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With the exception of two short, steep hills, the trail climbs a moderate slope for its duration. It traverses a mixed pine forest and offers excellent opportunities to see the many different types of wildlife and vegetation in the area. The maintained trail parallels the east side of Squaw Creek and ends at an overlook above the falls. The Cascades, another falls site, can be reached by continuing for another 1/2 mile beyond the overlook. No trail exists between the Falls and the Cascades, but it is relatively easy to navigate the cross-country portion if you keep the creek in your sight.

The cycle of rain and snow makes Squaw Creek Falls an ever changing attraction. The water flowing over the falls comes from melting snow and glaciers on Broken Top and South Sister; causing the size of the falls to vary greatly with the time of year and even the time on day. From March to June alone the flow can increase by more than six times.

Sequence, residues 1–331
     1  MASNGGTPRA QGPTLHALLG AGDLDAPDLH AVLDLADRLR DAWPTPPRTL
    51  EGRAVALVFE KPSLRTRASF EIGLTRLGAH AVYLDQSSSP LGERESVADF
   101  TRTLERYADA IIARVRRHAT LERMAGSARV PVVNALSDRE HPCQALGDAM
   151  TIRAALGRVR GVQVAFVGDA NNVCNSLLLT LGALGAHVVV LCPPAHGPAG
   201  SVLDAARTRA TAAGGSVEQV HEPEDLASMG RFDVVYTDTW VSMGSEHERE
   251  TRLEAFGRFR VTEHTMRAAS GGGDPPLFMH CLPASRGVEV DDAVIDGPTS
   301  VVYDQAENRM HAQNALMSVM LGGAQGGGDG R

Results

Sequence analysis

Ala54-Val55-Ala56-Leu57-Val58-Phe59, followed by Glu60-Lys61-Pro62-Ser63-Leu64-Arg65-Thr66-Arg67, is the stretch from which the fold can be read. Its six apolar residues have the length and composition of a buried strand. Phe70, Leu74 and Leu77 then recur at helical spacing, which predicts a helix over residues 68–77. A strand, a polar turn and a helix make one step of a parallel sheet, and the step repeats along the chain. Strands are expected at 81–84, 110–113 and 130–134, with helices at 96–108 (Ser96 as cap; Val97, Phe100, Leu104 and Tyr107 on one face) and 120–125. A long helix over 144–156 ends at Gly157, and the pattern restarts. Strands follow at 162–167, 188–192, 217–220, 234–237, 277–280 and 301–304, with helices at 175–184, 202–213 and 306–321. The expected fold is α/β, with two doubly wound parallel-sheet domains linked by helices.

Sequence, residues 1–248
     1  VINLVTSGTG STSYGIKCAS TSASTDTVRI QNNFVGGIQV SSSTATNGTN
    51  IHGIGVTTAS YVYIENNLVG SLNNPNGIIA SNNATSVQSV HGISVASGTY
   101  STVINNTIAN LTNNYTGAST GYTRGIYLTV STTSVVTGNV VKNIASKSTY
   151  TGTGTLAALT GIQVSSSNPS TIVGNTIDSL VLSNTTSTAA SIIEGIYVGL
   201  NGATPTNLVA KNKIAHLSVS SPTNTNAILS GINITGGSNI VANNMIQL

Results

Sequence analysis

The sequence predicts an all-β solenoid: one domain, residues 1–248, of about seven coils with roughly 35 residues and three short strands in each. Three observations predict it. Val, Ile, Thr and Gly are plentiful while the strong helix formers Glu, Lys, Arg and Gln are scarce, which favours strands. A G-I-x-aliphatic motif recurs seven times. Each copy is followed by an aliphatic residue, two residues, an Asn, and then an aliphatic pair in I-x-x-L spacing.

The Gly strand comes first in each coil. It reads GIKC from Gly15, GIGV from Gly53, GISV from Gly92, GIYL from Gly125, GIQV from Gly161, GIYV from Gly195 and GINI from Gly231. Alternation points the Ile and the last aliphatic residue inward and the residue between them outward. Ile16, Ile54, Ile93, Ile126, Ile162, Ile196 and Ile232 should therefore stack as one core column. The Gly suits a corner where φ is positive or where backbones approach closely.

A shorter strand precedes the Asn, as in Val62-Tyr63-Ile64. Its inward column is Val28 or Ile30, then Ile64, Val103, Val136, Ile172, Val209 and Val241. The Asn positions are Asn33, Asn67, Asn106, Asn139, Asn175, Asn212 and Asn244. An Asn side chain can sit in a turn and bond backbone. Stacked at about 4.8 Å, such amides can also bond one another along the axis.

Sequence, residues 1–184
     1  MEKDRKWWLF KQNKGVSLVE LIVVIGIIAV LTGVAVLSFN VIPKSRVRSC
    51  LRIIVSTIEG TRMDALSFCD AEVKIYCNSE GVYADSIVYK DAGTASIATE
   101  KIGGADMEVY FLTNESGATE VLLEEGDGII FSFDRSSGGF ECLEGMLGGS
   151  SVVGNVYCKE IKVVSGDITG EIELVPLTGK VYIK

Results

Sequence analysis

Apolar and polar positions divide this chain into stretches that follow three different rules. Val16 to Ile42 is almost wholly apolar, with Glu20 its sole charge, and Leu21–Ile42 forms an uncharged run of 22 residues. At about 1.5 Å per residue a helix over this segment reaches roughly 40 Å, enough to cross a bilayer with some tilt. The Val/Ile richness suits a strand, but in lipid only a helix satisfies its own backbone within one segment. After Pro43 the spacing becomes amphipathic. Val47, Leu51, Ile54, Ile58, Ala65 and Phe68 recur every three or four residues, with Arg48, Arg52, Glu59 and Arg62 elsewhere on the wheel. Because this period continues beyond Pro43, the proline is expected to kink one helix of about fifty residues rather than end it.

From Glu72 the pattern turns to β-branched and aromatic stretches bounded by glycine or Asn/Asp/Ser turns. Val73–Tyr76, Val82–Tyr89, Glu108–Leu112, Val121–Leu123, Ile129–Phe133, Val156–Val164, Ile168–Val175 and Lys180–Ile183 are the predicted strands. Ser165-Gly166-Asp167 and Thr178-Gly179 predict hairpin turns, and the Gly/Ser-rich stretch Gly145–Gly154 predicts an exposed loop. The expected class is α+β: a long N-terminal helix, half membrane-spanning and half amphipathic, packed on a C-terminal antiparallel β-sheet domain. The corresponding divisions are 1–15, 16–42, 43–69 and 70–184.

The melting snow carries sediment into the creek. At times, the creek can appear red or gray due to various types of sedimentation. Red cinders eroded off of volcanic rock may be present at times when the water flows fairly high. Late in the summer, a milky gray coloration can be caused by “glaciers and carried in the stream.

Wilderness permits are required on this trail. Day-use permits are available at the trailhead, overnight permits must be obtained from a Forest Service office or commercial outlet. No potable water or restroom facilities are available on the trail.

What’s around here? Location & Nearby Things to See & Do

These maps and directions are for planning purposes only. You may find that construction projects, traffic, or other events may cause road conditions to differ from the map results. For travel options, weather and road conditions, visit, call 511 (in Oregon only), 800.977.6368 or 503.588.2941.

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